Analysis of Prometheus Bound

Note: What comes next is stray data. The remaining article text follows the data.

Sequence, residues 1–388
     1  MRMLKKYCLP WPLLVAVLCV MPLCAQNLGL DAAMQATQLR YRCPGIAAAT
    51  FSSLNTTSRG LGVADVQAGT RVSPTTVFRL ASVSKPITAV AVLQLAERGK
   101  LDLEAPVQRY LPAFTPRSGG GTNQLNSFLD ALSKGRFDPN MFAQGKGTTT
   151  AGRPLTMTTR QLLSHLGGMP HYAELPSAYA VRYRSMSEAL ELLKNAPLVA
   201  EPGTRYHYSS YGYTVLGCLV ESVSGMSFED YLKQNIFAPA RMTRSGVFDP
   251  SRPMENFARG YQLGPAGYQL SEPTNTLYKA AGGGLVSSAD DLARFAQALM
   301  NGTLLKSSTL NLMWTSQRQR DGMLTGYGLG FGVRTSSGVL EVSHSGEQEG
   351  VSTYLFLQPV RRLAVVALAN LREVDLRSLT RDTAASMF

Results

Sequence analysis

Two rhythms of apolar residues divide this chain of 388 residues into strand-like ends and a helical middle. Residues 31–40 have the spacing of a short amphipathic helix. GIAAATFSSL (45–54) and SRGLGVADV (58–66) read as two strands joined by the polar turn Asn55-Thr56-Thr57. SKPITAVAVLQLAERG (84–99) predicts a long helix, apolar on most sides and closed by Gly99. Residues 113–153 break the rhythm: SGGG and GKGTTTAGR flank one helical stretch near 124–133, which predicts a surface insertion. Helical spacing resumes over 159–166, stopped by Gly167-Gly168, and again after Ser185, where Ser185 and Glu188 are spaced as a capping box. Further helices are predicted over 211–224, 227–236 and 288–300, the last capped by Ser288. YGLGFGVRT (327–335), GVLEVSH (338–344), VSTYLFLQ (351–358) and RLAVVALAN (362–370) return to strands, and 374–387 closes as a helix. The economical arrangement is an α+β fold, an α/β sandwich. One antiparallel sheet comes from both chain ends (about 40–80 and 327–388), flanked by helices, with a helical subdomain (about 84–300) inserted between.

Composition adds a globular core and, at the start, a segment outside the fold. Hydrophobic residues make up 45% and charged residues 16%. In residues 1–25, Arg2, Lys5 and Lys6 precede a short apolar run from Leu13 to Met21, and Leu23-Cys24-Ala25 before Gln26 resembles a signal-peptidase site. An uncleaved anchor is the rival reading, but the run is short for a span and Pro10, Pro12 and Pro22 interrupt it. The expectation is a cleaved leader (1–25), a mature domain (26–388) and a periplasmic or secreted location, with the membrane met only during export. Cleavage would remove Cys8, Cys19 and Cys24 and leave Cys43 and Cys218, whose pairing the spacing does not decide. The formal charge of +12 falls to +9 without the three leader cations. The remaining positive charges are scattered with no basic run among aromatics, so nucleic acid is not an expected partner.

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Like other works of the Classical Age, Prometheus Bound doesn't begin in the beginning but leaps in medias res ("into the middle of things"), just as Prometheus, a defiant demigod, is brought in chains to be fettered to a desolate mountain crag. For the modern reader - as opposed to an Aeschylian audience, who would have already been familiar with the plot - a bit of background is in order. Prometheus was a god from the old order, the Titans, who had now all been overthrown by a group of young upstarts, the Olympians (all except for Prometheus, that is). Rather than go down in honor, this half-god Prometheus, in order to avoid further violence, chose to desert the Olympian forces. In fact, he was instrumental in Zeus' usurpation of the throne from the old Titan king Chronus. In the new order, Zeus stood as chief god. Now one of Zeus' first objectives was to destroy the rice of men, who, until then, had been a primitive, unenlightened and miserable lot. Zeus' intent was to replace mankind with a new, more noble race, servile to the gods' every whim. When the destructive proclamation went out, however, Prometheus alone objected to Zeus' heartless proposal. He saw in man a spark of divine promise that even the gods might envy, and in order to save the human race, he willingly and courageously committed a crime: he brought fire down from heaven and taught the mortals how to use it. Furthermore, he tutored them in practical arts, applied sciences and philosophy, so that he might edify, ennoble and empower them. But these saving acts were deemed highly treasonous; such knowledge in the hands of mortals threatened to put them on an equal footing with the gods themselves. Furious, Zeus commanded the Olympian blacksmith god of fire, Hephaestus, and the gods of Might and Force, Kratos and Bia, to seize Prometheus and shackle him to a barren mountainside. But Hephaestus approached his task halfheartedly. He had been taught to respect deity and he sympathized with...
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